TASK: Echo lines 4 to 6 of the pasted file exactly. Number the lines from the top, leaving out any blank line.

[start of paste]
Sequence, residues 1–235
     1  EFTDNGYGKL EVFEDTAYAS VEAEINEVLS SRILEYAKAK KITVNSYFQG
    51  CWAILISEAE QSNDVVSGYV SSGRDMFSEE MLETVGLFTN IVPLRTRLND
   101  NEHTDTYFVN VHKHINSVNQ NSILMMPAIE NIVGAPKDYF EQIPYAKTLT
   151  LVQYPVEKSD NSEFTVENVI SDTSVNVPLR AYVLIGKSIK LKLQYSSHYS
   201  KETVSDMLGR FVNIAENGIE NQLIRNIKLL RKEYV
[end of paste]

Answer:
   101  NEHTDTYFVN VHKHINSVNQ NSILMMPAIE NIVGAPKDYF EQIPYAKTLT
   151  LVQYPVEKSD NSEFTVENVI SDTSVNVPLR AYVLIGKSIK LKLQYSSHYS
   201  KETVSDMLGR FVNIAENGIE NQLIRNIKLL RKEYV